Since a lower skewness measure was evident for the variable-rate frac stages, the study then looked at the behavior of treatment pressure after introducing pump rate fluctuations. Figure 4 shows examples of two odd stages completed in Well 6H, with drops in treatment pressure ranging from tens to hundreds of psi, which is indicative of lower entry friction within the system. This could either mean additional opening of perforations related to the pressure transient pulse generated by fluctuating pump rates (i.e., reduced perforation friction), or a consolidation of nondominant fractures emanating from the wellbore (reduced tortuosity).
Water Hammer Diagnostics
The wellbore and associated hydraulically created fractures during the treatment phase of a fracture stage create a complex hydraulically connected conduit where unsteady-state transients are common. As the pumping of proppant and slurry ends and the pumps shut down, and depending on the shutdown procedure, the transition from steady-state constant flow to low or no flow conditions creates single or multiple water hammers within the wellbore.
Since the decay in energy over the water hammer cycle is a function of the total frictional head loss as the pressure pulse travels up and down the conduit, it is intuitive to expect the decay in energy to be higher for a longer conduit.
In the same vein, the decay also should be higher if an extensive large-aperture fracture network is associated with the stage, which will consequently absorb more energy as the pressure pulse moves through the network. Moreover, complex natural fracture network swarms, coupled with hydraulic fractures, should lead to a shorter oscillating pressure response with a higher decay rate as a result of higher frictional losses compared with long planar fracture wings.
Unlike Well 6H, all of the stages in Well 8H were completed using the traditional design with no rate fluctuations. If variable-rate pumping opens additional perforations and creates greater fracture propagation/growth, one would expect stages completed with variable-rate pumping to exhibit stronger decay in signal strength with time than stages completed at constant pump rates.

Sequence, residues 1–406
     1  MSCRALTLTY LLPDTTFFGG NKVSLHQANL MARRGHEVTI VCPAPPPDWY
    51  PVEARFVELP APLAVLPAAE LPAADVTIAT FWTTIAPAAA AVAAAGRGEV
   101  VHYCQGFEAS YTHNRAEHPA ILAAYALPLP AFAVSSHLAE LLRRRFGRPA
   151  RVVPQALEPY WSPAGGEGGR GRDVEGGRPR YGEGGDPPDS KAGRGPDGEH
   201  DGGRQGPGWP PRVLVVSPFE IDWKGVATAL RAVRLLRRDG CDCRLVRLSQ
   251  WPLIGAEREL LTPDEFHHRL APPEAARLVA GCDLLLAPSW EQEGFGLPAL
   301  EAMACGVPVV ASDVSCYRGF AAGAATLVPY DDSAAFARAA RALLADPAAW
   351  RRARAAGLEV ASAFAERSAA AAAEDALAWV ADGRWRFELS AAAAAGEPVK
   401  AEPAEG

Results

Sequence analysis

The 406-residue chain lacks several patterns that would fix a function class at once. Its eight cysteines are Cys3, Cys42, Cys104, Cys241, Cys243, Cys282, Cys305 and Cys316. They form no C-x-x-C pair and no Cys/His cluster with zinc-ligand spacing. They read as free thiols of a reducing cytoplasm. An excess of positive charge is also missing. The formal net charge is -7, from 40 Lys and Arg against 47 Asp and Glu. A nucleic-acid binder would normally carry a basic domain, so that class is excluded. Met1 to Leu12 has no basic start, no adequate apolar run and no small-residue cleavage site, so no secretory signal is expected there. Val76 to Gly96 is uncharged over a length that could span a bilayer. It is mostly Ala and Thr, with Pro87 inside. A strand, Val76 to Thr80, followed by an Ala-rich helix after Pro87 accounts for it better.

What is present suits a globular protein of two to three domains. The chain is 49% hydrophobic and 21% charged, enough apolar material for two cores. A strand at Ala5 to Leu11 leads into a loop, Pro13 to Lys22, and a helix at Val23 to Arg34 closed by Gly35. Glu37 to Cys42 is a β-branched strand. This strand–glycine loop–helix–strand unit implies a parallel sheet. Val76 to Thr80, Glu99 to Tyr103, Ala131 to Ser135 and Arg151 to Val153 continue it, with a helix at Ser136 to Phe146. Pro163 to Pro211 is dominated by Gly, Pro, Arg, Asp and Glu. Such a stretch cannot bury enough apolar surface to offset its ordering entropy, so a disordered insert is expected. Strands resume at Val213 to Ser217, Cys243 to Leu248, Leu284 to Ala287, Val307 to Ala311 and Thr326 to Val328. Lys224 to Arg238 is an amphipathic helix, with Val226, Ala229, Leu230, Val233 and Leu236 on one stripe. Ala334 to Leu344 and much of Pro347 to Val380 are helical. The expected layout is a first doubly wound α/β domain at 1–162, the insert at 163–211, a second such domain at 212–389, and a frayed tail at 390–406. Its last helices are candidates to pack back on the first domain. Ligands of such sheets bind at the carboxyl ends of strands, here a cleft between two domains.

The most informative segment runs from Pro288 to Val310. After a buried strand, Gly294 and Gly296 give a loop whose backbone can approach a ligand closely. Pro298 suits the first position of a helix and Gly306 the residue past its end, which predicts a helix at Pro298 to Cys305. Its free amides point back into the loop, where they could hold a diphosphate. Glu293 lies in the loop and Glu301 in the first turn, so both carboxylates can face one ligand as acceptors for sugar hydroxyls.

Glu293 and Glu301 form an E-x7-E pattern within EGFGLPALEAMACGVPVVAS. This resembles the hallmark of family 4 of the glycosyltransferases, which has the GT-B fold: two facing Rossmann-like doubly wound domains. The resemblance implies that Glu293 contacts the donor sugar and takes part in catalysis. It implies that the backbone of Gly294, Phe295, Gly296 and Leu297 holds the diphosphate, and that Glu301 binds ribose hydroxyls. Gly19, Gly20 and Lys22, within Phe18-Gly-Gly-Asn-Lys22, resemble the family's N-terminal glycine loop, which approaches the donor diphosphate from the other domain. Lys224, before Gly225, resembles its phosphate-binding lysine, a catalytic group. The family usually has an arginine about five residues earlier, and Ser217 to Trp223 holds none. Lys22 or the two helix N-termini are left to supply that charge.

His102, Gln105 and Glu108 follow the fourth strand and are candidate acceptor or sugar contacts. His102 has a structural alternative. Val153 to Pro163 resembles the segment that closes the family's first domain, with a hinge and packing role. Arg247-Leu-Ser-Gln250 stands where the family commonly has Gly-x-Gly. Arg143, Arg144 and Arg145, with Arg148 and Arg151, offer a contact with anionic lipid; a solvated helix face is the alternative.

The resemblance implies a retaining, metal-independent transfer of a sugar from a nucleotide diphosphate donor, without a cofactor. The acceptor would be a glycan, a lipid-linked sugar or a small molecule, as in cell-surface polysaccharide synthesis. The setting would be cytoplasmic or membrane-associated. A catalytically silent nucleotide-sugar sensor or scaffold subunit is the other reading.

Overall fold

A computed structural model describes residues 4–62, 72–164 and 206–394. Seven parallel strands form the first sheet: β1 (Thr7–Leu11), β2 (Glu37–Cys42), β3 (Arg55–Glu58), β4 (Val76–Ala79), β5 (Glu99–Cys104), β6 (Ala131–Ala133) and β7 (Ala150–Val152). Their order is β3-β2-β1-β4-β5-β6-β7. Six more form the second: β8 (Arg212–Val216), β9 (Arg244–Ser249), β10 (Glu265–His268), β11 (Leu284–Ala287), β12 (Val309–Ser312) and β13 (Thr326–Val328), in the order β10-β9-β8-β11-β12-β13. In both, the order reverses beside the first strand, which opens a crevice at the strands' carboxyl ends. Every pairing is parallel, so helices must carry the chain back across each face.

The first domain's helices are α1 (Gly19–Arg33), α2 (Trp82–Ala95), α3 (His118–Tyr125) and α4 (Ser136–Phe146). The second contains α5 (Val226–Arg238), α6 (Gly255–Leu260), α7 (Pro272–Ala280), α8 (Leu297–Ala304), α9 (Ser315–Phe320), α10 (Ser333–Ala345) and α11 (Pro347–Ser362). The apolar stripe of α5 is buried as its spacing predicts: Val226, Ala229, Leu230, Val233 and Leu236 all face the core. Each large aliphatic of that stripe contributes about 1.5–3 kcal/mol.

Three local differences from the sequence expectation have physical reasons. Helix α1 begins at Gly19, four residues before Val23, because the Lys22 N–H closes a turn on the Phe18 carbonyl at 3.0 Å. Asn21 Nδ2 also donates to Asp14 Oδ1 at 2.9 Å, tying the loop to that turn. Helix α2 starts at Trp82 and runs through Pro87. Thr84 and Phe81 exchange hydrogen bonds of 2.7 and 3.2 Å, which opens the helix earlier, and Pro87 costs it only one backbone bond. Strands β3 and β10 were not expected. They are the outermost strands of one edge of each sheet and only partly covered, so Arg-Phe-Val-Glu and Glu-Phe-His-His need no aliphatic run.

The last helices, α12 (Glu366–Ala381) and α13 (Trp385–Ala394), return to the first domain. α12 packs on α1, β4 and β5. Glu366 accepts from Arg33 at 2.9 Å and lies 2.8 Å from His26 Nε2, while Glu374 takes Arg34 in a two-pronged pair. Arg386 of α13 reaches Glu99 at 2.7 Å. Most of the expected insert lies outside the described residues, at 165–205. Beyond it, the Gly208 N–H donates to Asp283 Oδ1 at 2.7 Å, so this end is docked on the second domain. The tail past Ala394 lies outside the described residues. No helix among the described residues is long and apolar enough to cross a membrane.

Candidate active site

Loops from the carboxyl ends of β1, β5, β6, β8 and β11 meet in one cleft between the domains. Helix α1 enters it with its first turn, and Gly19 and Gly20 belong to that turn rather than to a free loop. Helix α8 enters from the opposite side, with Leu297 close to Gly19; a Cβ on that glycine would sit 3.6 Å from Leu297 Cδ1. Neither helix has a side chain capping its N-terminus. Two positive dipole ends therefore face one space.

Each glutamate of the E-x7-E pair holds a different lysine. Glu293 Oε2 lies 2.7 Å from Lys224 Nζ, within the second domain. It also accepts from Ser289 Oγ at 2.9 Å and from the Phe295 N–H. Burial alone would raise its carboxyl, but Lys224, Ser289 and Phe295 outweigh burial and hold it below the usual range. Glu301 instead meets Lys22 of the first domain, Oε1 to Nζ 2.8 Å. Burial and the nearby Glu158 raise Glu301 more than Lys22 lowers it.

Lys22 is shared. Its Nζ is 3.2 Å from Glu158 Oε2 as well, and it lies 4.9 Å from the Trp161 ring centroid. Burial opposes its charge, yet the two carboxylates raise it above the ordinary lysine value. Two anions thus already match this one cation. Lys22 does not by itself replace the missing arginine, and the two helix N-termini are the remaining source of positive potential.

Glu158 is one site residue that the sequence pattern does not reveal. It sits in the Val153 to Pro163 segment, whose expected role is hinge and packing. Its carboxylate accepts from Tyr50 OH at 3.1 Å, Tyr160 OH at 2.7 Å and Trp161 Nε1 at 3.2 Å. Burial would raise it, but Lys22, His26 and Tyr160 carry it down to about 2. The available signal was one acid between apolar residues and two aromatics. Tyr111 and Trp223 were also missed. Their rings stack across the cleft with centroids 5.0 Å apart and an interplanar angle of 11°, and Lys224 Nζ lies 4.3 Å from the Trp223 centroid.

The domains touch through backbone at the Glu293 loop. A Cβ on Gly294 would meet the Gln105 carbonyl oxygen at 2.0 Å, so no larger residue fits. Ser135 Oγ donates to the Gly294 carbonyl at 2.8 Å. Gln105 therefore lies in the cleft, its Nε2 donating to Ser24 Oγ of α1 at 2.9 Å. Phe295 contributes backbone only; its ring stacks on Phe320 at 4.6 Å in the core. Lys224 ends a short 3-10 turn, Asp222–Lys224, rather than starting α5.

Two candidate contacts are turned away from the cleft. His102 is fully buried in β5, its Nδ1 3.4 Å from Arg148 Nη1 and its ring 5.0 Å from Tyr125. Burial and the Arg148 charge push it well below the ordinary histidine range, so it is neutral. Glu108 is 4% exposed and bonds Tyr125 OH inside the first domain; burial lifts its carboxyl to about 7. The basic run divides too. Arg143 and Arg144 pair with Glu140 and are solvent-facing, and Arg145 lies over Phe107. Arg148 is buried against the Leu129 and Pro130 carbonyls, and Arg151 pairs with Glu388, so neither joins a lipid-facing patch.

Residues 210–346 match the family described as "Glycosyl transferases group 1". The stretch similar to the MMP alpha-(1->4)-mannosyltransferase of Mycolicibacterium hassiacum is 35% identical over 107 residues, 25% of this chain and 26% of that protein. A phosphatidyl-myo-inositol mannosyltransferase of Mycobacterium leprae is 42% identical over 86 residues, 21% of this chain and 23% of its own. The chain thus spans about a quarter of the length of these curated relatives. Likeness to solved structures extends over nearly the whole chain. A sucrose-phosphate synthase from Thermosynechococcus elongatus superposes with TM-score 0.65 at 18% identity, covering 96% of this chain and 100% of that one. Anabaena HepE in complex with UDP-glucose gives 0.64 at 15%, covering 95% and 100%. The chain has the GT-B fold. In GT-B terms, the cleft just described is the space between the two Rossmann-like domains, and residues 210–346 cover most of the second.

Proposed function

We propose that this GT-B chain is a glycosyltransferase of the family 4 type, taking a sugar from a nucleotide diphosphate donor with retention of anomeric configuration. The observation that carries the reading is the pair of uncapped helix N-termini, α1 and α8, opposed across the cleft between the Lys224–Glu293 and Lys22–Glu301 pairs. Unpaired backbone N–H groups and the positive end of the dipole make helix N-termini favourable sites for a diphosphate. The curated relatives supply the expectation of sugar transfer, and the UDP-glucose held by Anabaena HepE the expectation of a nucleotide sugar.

The study used a simple decay rate modeling approach with an exponential decline model to compute the decay rates in energy observed at pump shutdown for each of the completed stages for the two wells. Pump shutdown procedures for long-lateral multistage completions can be quite random and result in highly skewed pressure transients, which do not allow for easy decay rate computations. In order to resolve this issue in the study, a simple detrending operation was carried out using a polynomial fitting approach.
The analysis was conducted for the first 26 of the 27 stages in Well 6H and for the first 26 of the 28 stages in 8H. Figure 5 highlights the modeled decay rate for all stages analyzed. There is a clear and discernable trend of higher decay rates for the odd stages compared with corresponding even stages, except for stages 10-14 in Well 6H. The pressure response observed for stages 10-13 follows the skewed behavior observed in stage 9 in Figure 4. This indicates that the observed discrepancy could be a result of a modeling failure and not an actual indicator of decay in pressure response (stage 26 was the only other stage where this behavior was observed).
The average decay rates for Well 6H were 143 for odd stages and 95 for even stages, while Well 8H’s decay rates averaged 307 and 334, respectively. On a percentage basis, the odd stages for Well 6H had a 33 percent higher decay rate than the even stages (the odd stages in the 8H had an 8 percent lower decay rate than the even stages).